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China continues to open its door wider to the world

By Ouyang Jie, Luo Shanshan (People's Daily)    09:52, November 05, 2020
China continues to open its door wider to the world
Photo shows the National Exhibition and Convention Center in Shanghai, the venue for the upcoming third China International Import Expo, Nov. 1. (People’s Daily Online/Long Wei)

In the past five years, China has unswervingly expanded opening-up, worked faster to bring domestic systems and rules in line with international ones, opened its door wider to the world and continued to raise the level of opening-up.

The country has put into effect the foreign investment law across the board to safeguard the legitimate rights and interests of foreign investors, successively cut tariffs, taken the initiative to expand imports, accelerated institutional innovations and promoted higher-standard opening-up.

China has eased market access in more areas. On Sept. 2, Citibank (China) Co., Ltd. announced that it had received a domestic fund custody license from the China Securities Regulatory Commission, China’s securities regulator, and became the first American bank to be granted such a license.

“We are pleased to participate in and play a steady role in the reform and development of China’s financial markets. This license is further validation of China’s commitment to continue opening up its financial markets,” said Stuart Staley, head of Markets and Securities Services, Citi Asia Pacific.

Since 2018, China has notably accelerated the opening of its financial sector, as the People’s Bank of China and the China Banking and Insurance Regulatory Commission have successively announced and promoted the implementation of more than 50 specific opening-up measures. The financial sector is an epitome of the country’s efforts to relax controls on market access and attract foreign investment.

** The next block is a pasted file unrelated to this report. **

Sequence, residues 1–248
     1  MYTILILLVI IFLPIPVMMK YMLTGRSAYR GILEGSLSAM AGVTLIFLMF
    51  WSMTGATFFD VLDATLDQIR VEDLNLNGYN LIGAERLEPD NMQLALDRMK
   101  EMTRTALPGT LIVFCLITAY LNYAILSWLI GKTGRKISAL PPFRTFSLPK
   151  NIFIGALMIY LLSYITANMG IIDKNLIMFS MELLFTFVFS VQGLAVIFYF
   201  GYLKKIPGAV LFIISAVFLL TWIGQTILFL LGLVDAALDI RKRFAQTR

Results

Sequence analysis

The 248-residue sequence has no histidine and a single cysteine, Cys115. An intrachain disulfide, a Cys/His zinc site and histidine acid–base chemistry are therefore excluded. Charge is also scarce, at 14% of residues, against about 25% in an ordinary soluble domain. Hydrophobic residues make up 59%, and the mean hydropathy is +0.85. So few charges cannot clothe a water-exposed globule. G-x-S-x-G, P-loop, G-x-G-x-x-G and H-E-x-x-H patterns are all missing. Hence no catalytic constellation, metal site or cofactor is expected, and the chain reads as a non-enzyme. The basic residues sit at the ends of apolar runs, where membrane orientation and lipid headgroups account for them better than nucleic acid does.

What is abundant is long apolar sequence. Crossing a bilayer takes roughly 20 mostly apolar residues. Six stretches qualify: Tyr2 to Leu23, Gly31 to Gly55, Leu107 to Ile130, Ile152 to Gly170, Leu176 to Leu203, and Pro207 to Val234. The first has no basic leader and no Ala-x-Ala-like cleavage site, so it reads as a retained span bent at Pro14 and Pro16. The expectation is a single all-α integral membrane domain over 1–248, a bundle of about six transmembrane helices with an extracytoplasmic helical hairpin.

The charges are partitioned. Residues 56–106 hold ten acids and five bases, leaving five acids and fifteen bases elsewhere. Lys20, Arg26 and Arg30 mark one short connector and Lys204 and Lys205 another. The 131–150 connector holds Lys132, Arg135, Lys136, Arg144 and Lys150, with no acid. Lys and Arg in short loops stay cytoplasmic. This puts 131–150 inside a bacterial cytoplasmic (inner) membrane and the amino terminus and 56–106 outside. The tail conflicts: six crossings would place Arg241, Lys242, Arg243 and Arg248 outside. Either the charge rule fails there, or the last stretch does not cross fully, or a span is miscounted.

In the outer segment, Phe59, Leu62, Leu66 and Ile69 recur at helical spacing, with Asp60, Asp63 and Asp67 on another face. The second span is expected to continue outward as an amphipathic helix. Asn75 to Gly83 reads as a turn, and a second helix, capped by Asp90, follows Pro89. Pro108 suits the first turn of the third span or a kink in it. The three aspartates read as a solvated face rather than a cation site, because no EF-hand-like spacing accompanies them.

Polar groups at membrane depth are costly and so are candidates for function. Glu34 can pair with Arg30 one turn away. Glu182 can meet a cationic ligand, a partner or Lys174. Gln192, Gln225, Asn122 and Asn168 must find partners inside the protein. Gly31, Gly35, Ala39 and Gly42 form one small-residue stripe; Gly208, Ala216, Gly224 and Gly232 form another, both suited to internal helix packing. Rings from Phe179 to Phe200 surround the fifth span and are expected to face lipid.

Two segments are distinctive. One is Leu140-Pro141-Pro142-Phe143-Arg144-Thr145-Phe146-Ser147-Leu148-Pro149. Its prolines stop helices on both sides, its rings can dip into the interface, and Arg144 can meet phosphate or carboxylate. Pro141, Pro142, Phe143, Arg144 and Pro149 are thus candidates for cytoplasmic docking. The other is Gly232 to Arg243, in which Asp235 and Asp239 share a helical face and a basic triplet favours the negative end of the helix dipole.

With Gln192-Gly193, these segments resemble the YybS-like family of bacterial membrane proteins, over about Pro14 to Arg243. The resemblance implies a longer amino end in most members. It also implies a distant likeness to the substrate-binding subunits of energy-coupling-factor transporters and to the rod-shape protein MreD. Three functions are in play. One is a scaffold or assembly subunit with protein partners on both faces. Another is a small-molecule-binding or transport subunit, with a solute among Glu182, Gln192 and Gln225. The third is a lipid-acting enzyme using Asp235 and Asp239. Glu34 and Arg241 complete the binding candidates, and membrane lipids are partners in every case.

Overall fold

During the “13th Five-Year Plan” period (2016-2020), China has rolled out the foreign investment law and the regulations regarding its implementation, which established the system of pre-establishment national treatment plus a negative list in legal terms and canceled across the board the approval and filing procedures for the establishment and change of foreign enterprises.

The country has revised its negative lists for foreign investment market access for four consecutive years, cutting the restrictive measures to 33 from 93, and granting national treatment to foreign investors.

Last year, China rolled out a new version of the catalog of industries that encourage foreign investment, which contains 1,108 items, including 415 items for encouraging foreign investment nationwide.

The new catalog for encouraging foreign investment nationwide has 67 newly-added items and 45 modified items compared with the 2017 version, continuing to expand the investment scope for foreign investors.

Meanwhile, China has innovated trade models to promote higher-standard opening-up. On Sept. 1, 1,081 air humidifiers produced by Guangdong Titan Smart Electrical Appliances Co., Ltd. were shipped abroad from the logistics park of the bonded logistics center in Zhongshan city, south China’s Guangdong province.

“The customs’ program for cross-border e-commerce B2B export allows us to directly export goods to overseas warehouses, greatly shortening the time for customs clearance and cutting logistics costs,” said the company’s chairman Li Hui.